Aaron Canipe (b. 1990) is a photographer based in Durham, North Carolina. He earned his BFA in Fine Art Photography from Corcoran College of Art & Design in 2012 and MFA in Experimental and Documentary Arts, Duke University in 2015. His very impressive work has been extensively featured in numerous print and online zines and blogs. He’s also co-founder of Empty Stretch which Specializes in producing short-run DIY artist books and zines and showcasing upcoming photographers.
Aaron’s images are visual narratives that evoke desire, memory and nostalgia. Those living in or around North Carolina can sense the air and mood of the region in his images. Photos selected for this feature belong to his recent project ‘In Progress’. Here’s a short interview with Aaron where he tells about his photography and influences:
I was always interested in making art. It wasn’t until I won a photo contest in the 6th grade that I felt I had found my medium. I saved up and bought my first camera when I was in high school — at this time 35mm film was still a go-to for amateurs and cheaper than digital. While I was learning technical in’s and out’s in my own time and taking a darkroom course in high school, I was photographing around my neighborhood, in school, and in other public places. It was fun, freeing, and and gave me agency in the world in this small, rural, North Carolina town. I somehow never lost the feeling of this kind of powerful wandering that comes with carrying a camera and went on to study photography at the Corcoran College of Art + Design in Washington, DC and later, getting my Masters at Duke University. Being an artist has always been at the heart of my character; no matter what I’ll always be most interested in making and creating. I’ve had many educators along the way in school and outside of school who have helped me hone that creativity and build that character.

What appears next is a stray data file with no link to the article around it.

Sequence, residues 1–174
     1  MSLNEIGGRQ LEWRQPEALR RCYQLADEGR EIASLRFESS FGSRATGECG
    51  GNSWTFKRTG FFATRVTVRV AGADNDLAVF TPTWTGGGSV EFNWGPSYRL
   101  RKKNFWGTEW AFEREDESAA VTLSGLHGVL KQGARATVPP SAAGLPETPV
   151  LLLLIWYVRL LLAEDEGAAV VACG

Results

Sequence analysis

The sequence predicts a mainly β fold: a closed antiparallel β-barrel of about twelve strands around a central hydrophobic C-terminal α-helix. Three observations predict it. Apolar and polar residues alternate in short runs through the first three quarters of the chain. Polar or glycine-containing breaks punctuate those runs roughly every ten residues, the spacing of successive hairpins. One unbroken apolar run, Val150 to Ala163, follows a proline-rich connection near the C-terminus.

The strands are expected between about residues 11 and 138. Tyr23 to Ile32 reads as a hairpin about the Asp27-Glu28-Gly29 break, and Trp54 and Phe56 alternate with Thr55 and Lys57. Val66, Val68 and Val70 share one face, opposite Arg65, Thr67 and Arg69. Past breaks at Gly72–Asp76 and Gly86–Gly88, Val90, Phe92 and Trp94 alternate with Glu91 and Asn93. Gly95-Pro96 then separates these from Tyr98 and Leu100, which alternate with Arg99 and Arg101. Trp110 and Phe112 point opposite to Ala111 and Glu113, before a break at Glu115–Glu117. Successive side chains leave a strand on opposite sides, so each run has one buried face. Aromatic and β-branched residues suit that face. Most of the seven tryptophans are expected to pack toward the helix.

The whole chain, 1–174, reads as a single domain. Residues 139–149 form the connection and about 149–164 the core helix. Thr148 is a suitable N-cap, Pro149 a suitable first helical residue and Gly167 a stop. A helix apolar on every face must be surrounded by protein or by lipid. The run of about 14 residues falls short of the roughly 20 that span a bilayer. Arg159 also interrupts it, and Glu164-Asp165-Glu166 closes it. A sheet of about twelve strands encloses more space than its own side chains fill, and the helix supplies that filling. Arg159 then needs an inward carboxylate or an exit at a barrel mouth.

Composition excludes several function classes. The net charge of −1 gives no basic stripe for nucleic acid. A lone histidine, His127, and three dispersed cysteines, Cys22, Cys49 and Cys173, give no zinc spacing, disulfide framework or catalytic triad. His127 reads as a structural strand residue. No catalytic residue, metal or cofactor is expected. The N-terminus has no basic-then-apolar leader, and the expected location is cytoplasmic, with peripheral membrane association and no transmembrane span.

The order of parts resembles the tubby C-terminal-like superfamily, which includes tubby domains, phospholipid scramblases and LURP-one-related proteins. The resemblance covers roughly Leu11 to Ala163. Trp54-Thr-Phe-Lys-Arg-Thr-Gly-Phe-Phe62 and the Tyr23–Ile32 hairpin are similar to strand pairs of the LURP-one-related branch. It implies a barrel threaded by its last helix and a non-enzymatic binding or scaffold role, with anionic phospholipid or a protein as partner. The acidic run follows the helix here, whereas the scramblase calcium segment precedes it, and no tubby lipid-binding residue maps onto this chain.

I think nostalgia is something that runs throughout all my work and through all my seeing. The moment I say what a project is about, the moment I begin to limit it and restrict it. I’m not so sure I’m ready to do that here. Right now this edit of new work is telling me that it’s about telling stories and making connections through a variety of different perspectives and location. The story is biblical, as with the idea of nostalgia, biblical imagery is another thread that runs through my work.
What photography equipment (camera, lenses, software) do you use and why?
My equipment sort of runs the gamut, right now I’ve mainly been working with medium and large format black and white. I’ve recently began experimenting again with a digital point-and-shoot.
I can’t name a specific photograph that’s significant to me. Strangely, it’s seeing an entire body of work to me that’s the most elusive. When I was a sophomore in college, I saw a William Eggleston’s retrospective, “Democratic Camera” at the Corcoran Gallery of Art. Seeing his suite of images “Election Eve” in one room really affected me. I liked them all. And more than getting schooled in composition and color from Eggleston, I gleaned that I could make artwork in the South and my home and that what I was seeing and noticing while growing up, could be interesting to a much wider audience. I had a similar encounter with John Gossage’s “The Pond” at the Smithsonian American Art Museum.
I don’t think there’s any replacement for a good story well told.
What are your future plans/projects, ambitions, aspirations etc.? Any photobook of your images in mind?
I just want to keep making pictures and books. I’m always interested in my own book projects, but especially working with other people to make those.
“The Players” by Mark Steinmetz
“Alaya” by Nathaniel Dorsky
“Zorn’s Lemma” by Hollis Frampton
The backgrounds used in the ‘Peanuts’ movies from the 1960s
“A Death in the Family” by James Agee
Gerard Manly Hopkins
Anthology of American Folk Music
William Gedney’s photographs and writings
Something to say to our readers or aspiring photographers (or something completely random):
“If you have more you’ll shoot more.”